David LeRoy is the author of The Siren of Paris which tells the story of 21-year-old Marc Tolbert who was born in Paris and raised in the United States. Marc enjoys the advantages of being born to a wealthy, well-connected family. Reaching a turning point in his life, he decides to abandon his plans of going to medical school and study art in Paris. In 1939, he boards a ship and heads to France, blissfully unaware that Europe — along with the rest of the world — is on the brink of an especially devastating war.
Today, David LeRoy talks about his writing.
Why did you choose to write historical fiction? I did not set out to write historical fiction as a genre, but I have a strong connection to history, and specifically World War II.
Why this particular book – The Siren of Paris? Because the story is untold. No one else has told any story that features the RMS Lancastria sinking. I could not find any modern novels or stories about betrayal of members of the French Resistance. We have a bias towards the warrior hero who is triumphant, and tend to ignore other types of stories. I wanted to write something that shows the victims, who lost the war, transcending these experiences and finding a state of peace. To do this, I chose a wounded healer as a protagonist, and not the warrior hero we are most familiar with today.
How long did it take for your book to be published? The Siren of Paris is self-published through Amazon, so not long. However, it took six months to find the right editor for the project. I went with Tom Lemons because he had experience working with texts that have religious, moral and philosophical themes. When I started the projected, I intended to have it published traditionally, but the publishing world had changed so much that no longer seemed like the best option for this project.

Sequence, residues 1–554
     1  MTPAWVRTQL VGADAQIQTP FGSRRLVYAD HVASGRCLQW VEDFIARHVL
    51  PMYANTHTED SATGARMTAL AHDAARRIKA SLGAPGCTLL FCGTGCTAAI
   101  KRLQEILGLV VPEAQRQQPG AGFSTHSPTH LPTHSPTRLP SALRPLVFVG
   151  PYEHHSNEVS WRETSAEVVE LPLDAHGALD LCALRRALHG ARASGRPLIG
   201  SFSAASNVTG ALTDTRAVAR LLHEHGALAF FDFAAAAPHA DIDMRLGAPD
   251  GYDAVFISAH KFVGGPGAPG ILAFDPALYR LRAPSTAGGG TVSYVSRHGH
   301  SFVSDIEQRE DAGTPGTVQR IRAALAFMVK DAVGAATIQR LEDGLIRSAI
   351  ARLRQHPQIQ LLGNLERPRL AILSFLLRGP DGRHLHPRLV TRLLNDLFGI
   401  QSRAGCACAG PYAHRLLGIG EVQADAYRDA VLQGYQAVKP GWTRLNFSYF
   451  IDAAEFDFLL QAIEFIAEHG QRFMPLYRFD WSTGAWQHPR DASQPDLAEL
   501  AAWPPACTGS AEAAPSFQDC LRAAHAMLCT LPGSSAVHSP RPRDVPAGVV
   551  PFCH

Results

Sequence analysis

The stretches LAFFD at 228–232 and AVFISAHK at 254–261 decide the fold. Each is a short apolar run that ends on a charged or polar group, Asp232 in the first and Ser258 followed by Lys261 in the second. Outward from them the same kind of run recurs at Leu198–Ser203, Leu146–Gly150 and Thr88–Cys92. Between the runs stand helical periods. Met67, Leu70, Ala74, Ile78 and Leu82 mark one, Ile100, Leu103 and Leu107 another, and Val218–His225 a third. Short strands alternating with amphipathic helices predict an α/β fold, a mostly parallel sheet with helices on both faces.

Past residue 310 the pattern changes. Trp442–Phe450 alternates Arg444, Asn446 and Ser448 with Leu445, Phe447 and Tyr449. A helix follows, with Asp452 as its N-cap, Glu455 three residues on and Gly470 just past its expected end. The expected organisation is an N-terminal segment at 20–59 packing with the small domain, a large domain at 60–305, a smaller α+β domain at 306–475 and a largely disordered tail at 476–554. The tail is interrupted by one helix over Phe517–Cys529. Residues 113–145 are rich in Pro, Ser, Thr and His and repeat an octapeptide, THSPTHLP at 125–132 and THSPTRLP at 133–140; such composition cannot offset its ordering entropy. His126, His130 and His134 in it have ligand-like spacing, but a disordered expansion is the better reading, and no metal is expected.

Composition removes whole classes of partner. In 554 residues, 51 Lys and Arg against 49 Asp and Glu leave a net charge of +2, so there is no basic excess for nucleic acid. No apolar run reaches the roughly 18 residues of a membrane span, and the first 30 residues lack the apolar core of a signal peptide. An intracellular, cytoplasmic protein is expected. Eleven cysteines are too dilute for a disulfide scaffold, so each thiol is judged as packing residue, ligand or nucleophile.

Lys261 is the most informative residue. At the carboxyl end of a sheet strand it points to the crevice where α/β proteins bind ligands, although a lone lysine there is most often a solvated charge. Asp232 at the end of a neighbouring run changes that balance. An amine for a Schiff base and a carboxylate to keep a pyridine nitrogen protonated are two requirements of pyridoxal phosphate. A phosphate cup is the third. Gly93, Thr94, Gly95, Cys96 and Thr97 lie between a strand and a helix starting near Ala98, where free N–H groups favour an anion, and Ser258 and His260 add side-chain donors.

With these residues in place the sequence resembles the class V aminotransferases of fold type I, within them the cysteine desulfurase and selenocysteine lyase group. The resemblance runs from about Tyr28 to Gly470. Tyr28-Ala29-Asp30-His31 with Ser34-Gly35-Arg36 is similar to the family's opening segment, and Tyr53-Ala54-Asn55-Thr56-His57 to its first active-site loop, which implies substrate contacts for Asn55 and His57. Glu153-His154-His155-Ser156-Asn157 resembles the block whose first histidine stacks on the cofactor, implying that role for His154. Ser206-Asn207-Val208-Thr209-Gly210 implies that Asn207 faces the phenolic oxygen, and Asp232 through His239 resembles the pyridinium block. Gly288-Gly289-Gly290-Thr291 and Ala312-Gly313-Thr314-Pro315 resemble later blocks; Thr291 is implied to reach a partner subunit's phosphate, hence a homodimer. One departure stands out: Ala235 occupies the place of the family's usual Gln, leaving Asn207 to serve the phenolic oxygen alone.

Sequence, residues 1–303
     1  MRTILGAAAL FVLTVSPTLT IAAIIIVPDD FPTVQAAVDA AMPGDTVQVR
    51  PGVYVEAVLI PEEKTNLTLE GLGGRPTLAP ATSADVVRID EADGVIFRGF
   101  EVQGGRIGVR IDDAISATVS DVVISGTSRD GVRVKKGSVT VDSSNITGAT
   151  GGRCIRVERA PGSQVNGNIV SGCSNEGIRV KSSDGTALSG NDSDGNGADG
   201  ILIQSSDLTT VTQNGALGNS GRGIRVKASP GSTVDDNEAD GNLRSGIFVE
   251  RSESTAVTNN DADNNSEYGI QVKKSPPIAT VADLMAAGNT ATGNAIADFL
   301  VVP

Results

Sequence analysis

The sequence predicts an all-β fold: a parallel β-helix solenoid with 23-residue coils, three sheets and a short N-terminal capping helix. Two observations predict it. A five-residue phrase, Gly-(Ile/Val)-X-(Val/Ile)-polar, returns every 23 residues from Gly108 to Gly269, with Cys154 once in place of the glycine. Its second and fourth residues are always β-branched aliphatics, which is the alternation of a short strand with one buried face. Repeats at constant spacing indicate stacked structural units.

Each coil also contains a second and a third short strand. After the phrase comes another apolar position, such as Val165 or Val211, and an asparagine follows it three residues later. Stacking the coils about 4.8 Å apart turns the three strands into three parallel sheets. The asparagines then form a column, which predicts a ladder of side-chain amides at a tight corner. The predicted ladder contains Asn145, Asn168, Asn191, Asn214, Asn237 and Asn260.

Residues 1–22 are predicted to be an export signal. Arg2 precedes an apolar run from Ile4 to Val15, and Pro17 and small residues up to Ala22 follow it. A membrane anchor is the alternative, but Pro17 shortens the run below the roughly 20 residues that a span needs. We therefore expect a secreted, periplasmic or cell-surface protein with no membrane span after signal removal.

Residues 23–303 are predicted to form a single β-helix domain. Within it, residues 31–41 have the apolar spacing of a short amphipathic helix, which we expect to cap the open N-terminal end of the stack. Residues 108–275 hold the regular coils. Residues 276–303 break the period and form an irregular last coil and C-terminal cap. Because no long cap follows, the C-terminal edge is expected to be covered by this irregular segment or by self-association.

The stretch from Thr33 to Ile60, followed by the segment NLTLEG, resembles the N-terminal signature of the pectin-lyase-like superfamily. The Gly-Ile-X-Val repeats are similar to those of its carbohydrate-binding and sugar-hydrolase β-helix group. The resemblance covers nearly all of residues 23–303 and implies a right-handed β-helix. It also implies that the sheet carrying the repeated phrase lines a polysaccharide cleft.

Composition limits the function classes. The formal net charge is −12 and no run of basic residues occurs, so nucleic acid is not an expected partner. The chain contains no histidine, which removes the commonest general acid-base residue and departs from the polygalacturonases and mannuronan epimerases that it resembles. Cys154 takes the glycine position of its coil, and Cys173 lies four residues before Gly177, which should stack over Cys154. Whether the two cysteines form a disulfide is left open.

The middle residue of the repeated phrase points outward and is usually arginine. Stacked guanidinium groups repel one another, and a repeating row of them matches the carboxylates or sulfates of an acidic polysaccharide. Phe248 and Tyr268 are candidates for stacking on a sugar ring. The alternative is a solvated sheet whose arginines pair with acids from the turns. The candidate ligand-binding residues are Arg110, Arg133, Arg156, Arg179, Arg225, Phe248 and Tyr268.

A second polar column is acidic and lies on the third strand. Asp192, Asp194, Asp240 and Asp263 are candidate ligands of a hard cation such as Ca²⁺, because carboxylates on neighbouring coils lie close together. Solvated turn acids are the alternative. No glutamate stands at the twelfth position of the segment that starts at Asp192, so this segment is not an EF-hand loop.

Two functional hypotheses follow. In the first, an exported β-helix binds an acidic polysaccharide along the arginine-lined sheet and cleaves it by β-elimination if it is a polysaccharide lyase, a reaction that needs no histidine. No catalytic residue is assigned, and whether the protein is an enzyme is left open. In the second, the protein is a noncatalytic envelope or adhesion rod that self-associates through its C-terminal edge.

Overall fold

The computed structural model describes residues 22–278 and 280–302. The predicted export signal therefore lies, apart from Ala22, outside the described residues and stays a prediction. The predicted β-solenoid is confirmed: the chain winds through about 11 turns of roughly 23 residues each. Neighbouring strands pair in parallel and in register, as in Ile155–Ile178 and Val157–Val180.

What do you think attracts readers to The Siren of Paris? Off hand, two things: Paris and World War II. What causes the reader to talk about the book and recommend it to others is the allegorical story and unique plot structure.
Have you developed a particular approach to research and writing? For the Siren, research ranged from scholarly books about the politics and religion of the time to primary documents such as newspapers and pamphlets. I break down my writing into chapters, with scenes, and put everything into an Excel worksheet. In Excel, I can track my progress, assign goals, and record my word count so that at any time while I am writing, I know exactly where I am, what I have done, and how much more I have yet to write before I am finished.
Have other writers of historical fiction influenced you and, if so, how have they influenced you? I would say I have been more influenced by the classical writers of the epic myths.
What ingredients do you think make for a top historical fiction author? The ability to construct a good story. Yes, of course there are the facts – such as the clothing, food, politics and religious beliefs of the time — but at the core, I think it is the ability to deliver a story to the reader. To me, the historical part is the stage where the drama of the story is played out. The elements of story are timeless.
Did you deliberately plan for these ingredients in your writing? Yes. My focus is upon story, and I tend to develop that story through the characters’ relationships and dialog.
How do you select new stories to tell? I select stories that resonate with me on a personal level.
What techniques do you employ to write productively? I have to set goals first, and then those goals must be followed up with a concrete plan for completion. I must be able to track my progress toward meeting these goals. Without the goals, planning, and tracking, this entire writing experience would be an absolute mess for me. Other authors may not need these tools, but I must have them in order to produce anything of a substantial size.